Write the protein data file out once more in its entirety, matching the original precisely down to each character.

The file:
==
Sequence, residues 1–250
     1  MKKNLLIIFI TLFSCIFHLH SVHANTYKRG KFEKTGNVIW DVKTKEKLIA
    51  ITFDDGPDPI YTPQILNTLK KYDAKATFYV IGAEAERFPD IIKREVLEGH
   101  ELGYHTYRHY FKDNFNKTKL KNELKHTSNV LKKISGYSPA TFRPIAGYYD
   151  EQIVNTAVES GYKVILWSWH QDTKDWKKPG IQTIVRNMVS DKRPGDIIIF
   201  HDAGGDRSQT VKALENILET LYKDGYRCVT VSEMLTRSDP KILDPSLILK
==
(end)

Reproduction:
Sequence, residues 1–250
     1  MKKNLLIIFI TLFSCIFHLH SVHANTYKRG KFEKTGNVIW DVKTKEKLIA
    51  ITFDDGPDPI YTPQILNTLK KYDAKATFYV IGAEAERFPD IIKREVLEGH
   101  ELGYHTYRHY FKDNFNKTKL KNELKHTSNV LKKISGYSPA TFRPIAGYYD
   151  EQIVNTAVES GYKVILWSWH QDTKDWKKPG IQTIVRNMVS DKRPGDIIIF
   201  HDAGGDRSQT VKALENILET LYKDGYRCVT VSEMLTRSDP KILDPSLILK